Reflecting on Digital Humanities and Embedded Flaws

Well, some of the articles I found incredibly dry while others I kept going down rabbit holes! So much interesting material.

There were a few ideas that really stood out to me. First of all, how much we come to trust and rely on digital tools such as browsers. Though if I stop and think about it, I was aware of the fact that browsers come up with bias a flawed results often, it is not something I think about in my daily use of search engines. I forget that it is not just me influencing my search algorithm. Trying the auto-complete for a bunch of different search terms was a fascinating exercise. For some things it was incredibly disturbing, while others showed a marked improvement since the 2014 article on “Algorithms of Oppression” was written. It has really made me wonder how skewed my search results are based on oppressive algorithms. It is so disturbing that the algorithms have been trained by users to come up with these suggestions and also that the companies are allowing the algorithm to continue to come up with these damaging ideas.

“Marketable histories” is another concept that struck me. It goes back to what I have talked about before about how peoples’ histories and cultures are represented and how so often those stories are either suppressed or misrepresented. It is also about which versions of history are most acceptable to the masses. Marketability suggests that there is some sort of price or value placed on different histories. This is problematic in so many ways. Commodification of people’s stories does not do justice to the rich, diverse, and complex identities and experiences of people and will lead to certain versions or story tellers being promoted while those deemed less worthy by privileged society or faulty algorithms have their voices muted by the system.

Math may be unbiased, but algorithms train humanity’s deeply flawed histories and social currents. Not only are these histories flawed, but there are already so many discrepancies in the data available for the program to consume. I am thinking specifically of how certain stories and histories are not as present online. Algorithms are trapped within the system that they learn and operate; the internet is a reflection of social constructs in the world, but not the reality of the world itself. Algorithms are only objective so far as the world in which they exist. The stories and histories of oppressed people are often not as well documented as those from privileged demographics and what information that is available to be consumed by the algorithm can be based on colonialist perspectives and deeply problematic ideas of different identities.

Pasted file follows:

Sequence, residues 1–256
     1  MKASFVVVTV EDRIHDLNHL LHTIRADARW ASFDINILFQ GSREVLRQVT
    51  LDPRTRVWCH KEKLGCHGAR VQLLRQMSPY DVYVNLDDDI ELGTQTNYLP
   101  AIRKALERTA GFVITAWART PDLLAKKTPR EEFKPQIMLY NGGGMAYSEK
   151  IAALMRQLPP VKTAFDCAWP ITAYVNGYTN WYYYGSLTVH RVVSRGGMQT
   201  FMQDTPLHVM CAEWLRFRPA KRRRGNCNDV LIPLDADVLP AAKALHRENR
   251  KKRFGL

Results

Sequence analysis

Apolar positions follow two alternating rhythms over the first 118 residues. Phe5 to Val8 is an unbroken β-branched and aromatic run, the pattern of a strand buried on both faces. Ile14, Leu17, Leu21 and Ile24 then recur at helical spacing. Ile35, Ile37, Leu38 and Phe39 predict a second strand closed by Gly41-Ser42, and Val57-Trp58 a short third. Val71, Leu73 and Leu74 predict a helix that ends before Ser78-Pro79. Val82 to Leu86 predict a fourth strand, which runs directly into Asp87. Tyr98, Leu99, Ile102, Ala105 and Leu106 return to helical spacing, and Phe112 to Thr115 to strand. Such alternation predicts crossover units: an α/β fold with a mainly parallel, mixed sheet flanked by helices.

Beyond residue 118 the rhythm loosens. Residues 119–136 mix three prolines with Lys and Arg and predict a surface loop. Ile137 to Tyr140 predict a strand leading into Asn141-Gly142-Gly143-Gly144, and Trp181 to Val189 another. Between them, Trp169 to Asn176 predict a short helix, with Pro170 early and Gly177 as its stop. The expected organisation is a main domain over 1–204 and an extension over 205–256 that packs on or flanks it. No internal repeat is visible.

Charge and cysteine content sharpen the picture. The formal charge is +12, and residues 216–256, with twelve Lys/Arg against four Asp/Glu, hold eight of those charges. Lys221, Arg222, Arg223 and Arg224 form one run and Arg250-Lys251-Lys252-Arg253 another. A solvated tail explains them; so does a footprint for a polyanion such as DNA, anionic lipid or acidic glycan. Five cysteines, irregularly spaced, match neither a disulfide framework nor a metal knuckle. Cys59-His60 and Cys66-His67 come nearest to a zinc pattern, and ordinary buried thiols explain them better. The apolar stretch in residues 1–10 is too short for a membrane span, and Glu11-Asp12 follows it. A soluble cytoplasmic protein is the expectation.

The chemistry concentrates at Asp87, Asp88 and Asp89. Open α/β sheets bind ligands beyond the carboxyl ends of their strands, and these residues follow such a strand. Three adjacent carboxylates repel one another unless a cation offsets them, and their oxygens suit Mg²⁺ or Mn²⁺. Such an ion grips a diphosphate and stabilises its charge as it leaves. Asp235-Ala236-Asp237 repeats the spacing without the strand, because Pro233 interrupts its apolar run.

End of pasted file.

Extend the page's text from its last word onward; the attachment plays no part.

Through the readings I saw shared threads with two of my other classes: public engagement and gender and environment. In my public engagement class I just finished a discussion paper on ethics which talks a lot about identifying and controlling for biases, and we have been discussing equity and oppressed identities all semester in gender and environment. As with theses classes, this reflection on digital humanities asks more questions than it answers surrounding personal biases and how they interact with bias systems. Though it is disheartening to see how problematic tools used by digital humanities work are, I believe that the discipline (it is far more complicated than that but that is what I am calling it for now) is playing and will continue to play an important role if addressing inequity, oppression, and systemic biases.


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